Chi­nese vol­ley­ball court in crosshairs of de­vel­op­ment

The Washington Times Daily - - NATION - BY PHILIP MARCELO

BOS­TON | A mod­est as­phalt court that served as a nurs­ery for a unique style of vol­ley­ball played by Chi­nese im­mi­grants across the coun­try now stands in the way of de­vel­op­ment, touch­ing off a battle over preser­va­tion.

The prime slice of Chi­na­town real es­tate is steps from busy South Sta­tion and is home to a 1930s-era steam plant with tow­er­ing smoke­stacks and a mod­ern state govern­ment of­fice.

But it is also the site of Reg­gie Wong Me­mo­rial Park, a sim­ple basketball and vol­ley­ball court where the game known as nine-man de­vel­oped over gen­er­a­tions.

Nine-man holds a spe­cial place for those of Chi­nese de­scent, said Tun­ney Lee, an ur­ban stud­ies and plan­ning pro­fes­sor at the Mas­sachusetts In­sti­tute of Tech­nol­ogy, whose fa­ther was a player and or­ga­nizer.

The game traces its roots to a style of vol­ley­ball de­vel­oped in Tais­han, a south­ern Chi­nese city where many of the ear­li­est Chi­nese im­mi­grants hailed from, and be­came a crit­i­cal so­cial out­let for im­mi­grants largely iso­lated from broader Amer­i­can so­ci­ety.

“Part of the im­age of the Chi­nese was that of weak­lings who were pas­sive and servile,” Mr. Lee said. “Vol­ley­ball was a skill sport with strat­egy, teamwork and ag­gres­sive­ness.”

Stan­dard vol­ley­ball has six play­ers on each side. At its most ba­sic, nine-man in­volves more play­ers, a larger court and mod­i­fied rules. To­day’s or­ga­niz­ers say the first in­ter­city game hap­pened in Bos­ton in 1935, be­tween lo­cals and a team from Prov­i­dence, Rhode Is­land.

The com­pe­ti­tions steadily grew over the years, with Chi­nese com­mu­ni­ties in New York, New Jersey, San Fran­cisco, Los An­ge­les and Wash­ing­ton, D.C., reg­u­larly field­ing teams to play on the streets, al­ley­ways and park­ing lots of Bos­ton’s Chi­na­town.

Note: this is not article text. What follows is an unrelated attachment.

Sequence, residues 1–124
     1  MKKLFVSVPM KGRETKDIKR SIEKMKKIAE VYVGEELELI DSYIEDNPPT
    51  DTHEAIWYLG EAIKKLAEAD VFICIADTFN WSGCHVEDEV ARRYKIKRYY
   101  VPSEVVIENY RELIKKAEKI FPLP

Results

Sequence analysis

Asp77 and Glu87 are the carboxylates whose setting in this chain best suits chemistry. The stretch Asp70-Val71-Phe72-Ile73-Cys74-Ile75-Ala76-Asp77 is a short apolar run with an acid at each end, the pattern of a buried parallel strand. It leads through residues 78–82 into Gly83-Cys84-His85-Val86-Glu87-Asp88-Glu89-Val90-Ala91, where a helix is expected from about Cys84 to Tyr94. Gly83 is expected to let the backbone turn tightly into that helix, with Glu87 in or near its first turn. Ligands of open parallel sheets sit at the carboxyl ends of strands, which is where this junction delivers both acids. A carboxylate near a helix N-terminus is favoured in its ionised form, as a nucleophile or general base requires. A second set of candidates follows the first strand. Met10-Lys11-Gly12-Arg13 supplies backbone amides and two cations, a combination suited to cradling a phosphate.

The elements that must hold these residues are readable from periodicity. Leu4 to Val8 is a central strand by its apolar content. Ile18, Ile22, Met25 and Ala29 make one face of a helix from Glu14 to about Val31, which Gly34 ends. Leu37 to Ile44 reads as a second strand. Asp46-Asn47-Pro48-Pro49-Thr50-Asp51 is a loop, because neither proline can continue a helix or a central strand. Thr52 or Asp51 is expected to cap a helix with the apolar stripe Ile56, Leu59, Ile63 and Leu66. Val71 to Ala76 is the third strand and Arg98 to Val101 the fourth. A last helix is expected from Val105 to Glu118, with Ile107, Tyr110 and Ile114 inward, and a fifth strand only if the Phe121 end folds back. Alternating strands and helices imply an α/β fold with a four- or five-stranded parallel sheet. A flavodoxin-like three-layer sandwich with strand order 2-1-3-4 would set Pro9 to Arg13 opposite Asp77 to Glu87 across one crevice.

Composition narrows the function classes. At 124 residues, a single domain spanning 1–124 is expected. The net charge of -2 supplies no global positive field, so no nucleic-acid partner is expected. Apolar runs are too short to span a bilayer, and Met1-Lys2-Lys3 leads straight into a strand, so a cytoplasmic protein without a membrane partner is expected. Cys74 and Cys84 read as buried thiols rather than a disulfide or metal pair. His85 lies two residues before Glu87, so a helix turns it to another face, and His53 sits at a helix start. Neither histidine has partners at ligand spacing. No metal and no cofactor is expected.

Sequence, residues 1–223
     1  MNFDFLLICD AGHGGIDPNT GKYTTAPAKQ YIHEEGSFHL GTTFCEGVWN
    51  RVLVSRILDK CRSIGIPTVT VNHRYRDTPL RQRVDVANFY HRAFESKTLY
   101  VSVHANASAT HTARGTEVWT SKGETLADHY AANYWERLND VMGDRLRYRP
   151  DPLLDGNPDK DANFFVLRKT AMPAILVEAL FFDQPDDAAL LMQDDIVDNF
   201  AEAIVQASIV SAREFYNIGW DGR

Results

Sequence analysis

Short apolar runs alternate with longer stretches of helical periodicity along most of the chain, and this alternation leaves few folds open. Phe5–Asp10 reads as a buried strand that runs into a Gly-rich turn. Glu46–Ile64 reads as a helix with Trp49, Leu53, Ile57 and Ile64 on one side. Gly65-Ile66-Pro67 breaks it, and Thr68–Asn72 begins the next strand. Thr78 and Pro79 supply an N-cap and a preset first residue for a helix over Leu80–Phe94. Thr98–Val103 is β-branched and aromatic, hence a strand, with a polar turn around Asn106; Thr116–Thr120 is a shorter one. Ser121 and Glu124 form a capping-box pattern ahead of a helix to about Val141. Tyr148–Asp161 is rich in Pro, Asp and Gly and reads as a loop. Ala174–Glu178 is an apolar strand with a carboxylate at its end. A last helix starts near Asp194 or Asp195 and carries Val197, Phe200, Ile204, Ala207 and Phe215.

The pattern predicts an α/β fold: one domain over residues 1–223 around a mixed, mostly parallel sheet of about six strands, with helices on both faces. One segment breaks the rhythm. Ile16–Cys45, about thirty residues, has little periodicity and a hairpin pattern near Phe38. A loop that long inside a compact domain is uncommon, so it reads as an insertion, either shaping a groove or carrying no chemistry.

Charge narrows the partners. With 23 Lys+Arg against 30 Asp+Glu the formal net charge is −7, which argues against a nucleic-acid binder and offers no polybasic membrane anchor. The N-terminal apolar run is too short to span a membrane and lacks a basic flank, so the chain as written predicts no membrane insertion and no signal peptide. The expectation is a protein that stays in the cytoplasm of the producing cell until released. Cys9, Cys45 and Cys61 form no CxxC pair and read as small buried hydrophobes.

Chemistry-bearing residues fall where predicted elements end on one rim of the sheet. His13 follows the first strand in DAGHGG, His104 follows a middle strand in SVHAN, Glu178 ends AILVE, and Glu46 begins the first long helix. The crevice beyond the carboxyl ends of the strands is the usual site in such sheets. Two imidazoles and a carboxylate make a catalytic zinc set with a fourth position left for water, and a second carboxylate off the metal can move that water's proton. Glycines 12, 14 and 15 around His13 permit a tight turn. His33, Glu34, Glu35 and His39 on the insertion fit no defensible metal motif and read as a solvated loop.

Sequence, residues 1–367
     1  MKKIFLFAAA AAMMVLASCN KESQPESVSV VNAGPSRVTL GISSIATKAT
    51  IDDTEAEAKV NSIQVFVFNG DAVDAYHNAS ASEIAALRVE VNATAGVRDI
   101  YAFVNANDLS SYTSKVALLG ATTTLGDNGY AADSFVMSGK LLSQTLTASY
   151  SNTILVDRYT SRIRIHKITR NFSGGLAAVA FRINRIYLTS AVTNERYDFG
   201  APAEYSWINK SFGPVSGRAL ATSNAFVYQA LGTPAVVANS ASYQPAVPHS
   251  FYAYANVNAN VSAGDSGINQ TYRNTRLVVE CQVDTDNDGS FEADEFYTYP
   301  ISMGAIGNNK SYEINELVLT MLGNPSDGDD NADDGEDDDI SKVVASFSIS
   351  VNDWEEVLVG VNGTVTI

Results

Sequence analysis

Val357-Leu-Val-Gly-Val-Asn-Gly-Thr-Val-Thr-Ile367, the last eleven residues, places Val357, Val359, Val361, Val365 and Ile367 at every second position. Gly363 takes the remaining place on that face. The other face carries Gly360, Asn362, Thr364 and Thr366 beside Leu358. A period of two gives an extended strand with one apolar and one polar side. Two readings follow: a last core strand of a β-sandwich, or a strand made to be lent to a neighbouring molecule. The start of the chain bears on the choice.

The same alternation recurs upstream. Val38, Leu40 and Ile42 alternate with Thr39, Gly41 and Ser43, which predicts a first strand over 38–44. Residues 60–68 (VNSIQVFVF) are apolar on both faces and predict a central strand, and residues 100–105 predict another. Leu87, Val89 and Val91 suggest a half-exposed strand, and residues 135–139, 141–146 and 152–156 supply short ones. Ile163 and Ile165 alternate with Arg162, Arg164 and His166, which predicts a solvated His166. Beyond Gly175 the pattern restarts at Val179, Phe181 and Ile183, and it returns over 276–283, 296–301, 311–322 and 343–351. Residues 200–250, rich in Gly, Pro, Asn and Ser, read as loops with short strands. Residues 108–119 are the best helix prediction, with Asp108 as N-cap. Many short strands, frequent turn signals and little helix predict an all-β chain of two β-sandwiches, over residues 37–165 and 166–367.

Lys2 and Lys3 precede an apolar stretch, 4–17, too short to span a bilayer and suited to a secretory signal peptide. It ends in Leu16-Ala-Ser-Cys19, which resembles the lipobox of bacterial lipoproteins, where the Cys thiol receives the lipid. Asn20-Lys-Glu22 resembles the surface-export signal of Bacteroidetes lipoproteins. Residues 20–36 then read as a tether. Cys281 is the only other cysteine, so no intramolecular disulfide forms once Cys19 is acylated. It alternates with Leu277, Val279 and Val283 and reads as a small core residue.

The North Amer­i­can Chi­nese In­vi­ta­tional Vol­ley­ball Tour­na­ment, which started in the 1940s a few blocks from Wong Park, car­ries on the in­ter­city ri­valry to­day, host­ing an an­nual com­pe­ti­tion in a dif­fer­ent Chi­na­town each La­bor Day week­end.

Mas­sachusetts Gov. Char­lie Baker’s Repub­li­can ad­min­is­tra­tion be­gan seek­ing pro­pos­als last month to pur­chase and de­velop the five-acre site that’s home to Wong Park as a cen­ter­piece of his pledge to gen­er­ate rev­enue and spur de­vel­op­ment by un­load­ing un­der­used govern­ment land.

Chi­na­town ac­tivists and nine-man en­thu­si­asts have voiced their con­cerns at com­mu­nity meet­ings this past year, prompt­ing the ad­min­is­tra­tion to re­quire de­vel­op­ers to pro­pose ways to carve out a pub­lic park some­where on the site at least as big as the cur­rent court.

Pa­trick Marvin, a spokesman for the state De­part­ment of Trans­porta­tion, which is over­see­ing the land sale, notes the state is re­quir­ing prospec­tive de­vel­op­ers to guar­an­tee the park re­mains pub­lic. It also is call­ing for other open space ar­eas on the de­vel­op­ment site.

But some in Chi­na­town want the state to re­quire a larger park with more ameni­ties. They also want guar­an­tees that a tem­po­rary space will be carved out dur­ing con­struc­tion so or­ga­nized games can con­tinue un­in­ter­rupted. And they worry not enough hous­ing built on the prop­erty will be af­ford­able to low­er­wage Chi­na­town res­i­dents.

The park is the lat­est bat­tle­ground in the decades-long de­bate over gen­tri­fi­ca­tion in one of the na­tion’s old­est and largest Chi­na­towns. The neigh­bor­hood, with nar­row streets lined with in­de­pen­dent store­fronts and eater­ies, has with­stood waves of re­de­vel­op­ment dat­ing to the 1950s, when an in­ter­state high­way was cut through it.

Rus­sell Eng, who coaches teen vol­ley­ball at the park, named af­ter his un­cle, says it keeps the Chi­nese com­mu­nity con­nected even as more in­creas­ingly live in sub­urbs, some of which have sprouted their own satel­lite Chi­na­towns.


A Bos­ton Knight vol­ley­ball team player (front) go up for a spike against the Bos­ton Hur­ri­canes Black team at Wong Park in Bos­ton’s Chi­na­town neigh­bor­hood.

Newspapers in English

Newspapers from USA

© PressReader. All rights reserved.